Smith Soc Treks immerse our members in intellectual retreats that explore critical issues in business, industry, and economic theory and create deeper connections among Smith Soc members from around the world.
The modern world looks entirely different from the pre-industrial era, with dramatic improvements in global prosperity and quality of life. What explains this change and its magnitude? How did it happen and what are the moral implications? What are some of the key issues concerning capitalism today? This three-part virtual trek will take a critical look at both theoretical and practical aspects of capitalism’s impact on the world, and the key thinkers and schools that explain the virtues of the free market.
- Session I: “How Capitalism Changed the World”—November 19, 8-9:30pm ET
- Session II: “The Morality of Capitalism”—December 3, 8-9:30pm ET
- Session III: “Contemporary Issues in Capitalism”—December 10, 8-9:30pm ET
Applications are currently closed.
Trek session leaders:
- Professor Donald Boudreaux, professor of economics at George Mason University; Senior Fellow at Mercatus Center (Sessions I & III)
- Professor John Taylor is the professor of economics at Stanford University; Senior Fellow at Hoover Institution (Session II)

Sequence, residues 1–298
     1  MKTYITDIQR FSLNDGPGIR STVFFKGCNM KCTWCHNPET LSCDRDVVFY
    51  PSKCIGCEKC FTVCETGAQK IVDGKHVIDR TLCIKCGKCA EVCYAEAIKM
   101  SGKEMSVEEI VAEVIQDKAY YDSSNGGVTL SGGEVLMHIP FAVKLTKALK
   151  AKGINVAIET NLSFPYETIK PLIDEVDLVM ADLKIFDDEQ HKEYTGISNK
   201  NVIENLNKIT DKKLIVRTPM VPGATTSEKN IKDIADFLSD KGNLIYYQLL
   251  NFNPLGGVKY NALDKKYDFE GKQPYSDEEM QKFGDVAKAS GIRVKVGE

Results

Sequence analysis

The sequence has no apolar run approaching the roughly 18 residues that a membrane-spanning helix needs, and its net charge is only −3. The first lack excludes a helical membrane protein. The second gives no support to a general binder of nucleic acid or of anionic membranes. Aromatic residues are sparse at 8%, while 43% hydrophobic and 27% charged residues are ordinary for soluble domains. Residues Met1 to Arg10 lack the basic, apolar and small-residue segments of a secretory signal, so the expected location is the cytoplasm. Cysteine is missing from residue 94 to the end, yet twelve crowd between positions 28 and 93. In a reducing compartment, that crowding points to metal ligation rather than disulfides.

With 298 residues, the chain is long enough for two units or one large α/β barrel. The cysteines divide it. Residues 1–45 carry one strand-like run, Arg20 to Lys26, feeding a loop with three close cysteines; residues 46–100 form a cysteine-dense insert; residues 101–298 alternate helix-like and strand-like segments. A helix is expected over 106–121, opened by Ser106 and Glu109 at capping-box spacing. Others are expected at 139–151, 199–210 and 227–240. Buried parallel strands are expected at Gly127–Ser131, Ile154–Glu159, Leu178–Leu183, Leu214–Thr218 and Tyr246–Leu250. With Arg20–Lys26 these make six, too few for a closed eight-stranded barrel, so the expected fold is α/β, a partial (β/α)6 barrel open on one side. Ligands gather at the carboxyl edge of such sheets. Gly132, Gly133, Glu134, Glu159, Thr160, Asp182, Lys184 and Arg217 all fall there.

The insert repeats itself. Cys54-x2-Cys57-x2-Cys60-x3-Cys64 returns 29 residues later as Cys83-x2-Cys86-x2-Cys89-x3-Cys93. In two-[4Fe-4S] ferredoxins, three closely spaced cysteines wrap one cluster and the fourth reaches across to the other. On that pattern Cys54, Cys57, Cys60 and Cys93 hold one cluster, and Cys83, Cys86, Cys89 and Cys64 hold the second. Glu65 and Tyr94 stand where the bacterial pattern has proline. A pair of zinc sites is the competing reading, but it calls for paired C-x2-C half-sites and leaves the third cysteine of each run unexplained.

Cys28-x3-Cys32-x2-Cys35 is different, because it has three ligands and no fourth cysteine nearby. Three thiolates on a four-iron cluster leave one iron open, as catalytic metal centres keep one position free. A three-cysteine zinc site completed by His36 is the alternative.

Donald J. Boudreaux is Professor of Economics at George Mason University, where he served as Chairman of the Department from August 2001 to August 2009. He is also a senior scholar at George Mason's Mercatus Center, at the American Institute for Economic Research (AIER), and at the Fraser Institute. His books include Globalization and The Essential Hayek. He writes a weekly column for AIER and blogs at Cafe Hayek.
John B. Taylor is the Mary and Robert Raymond Professor of Economics at Stanford University and the George P. Shultz Senior Fellow at the Hoover Institution. He served as senior economist on the President’s Council of Economic Advisers from 1976-77, as a Member of the Council from 1989-91, and as Under Secretary of Treasury for International Affairs from 2001-05. He is a former President of the Mont Pelerin Society. He is the recipient of numerous awards, including the Hayek Prize for his book, First Principles, and Adam Smith Awards from the National Association for Business Economics and the Association of Private Enterprise Education.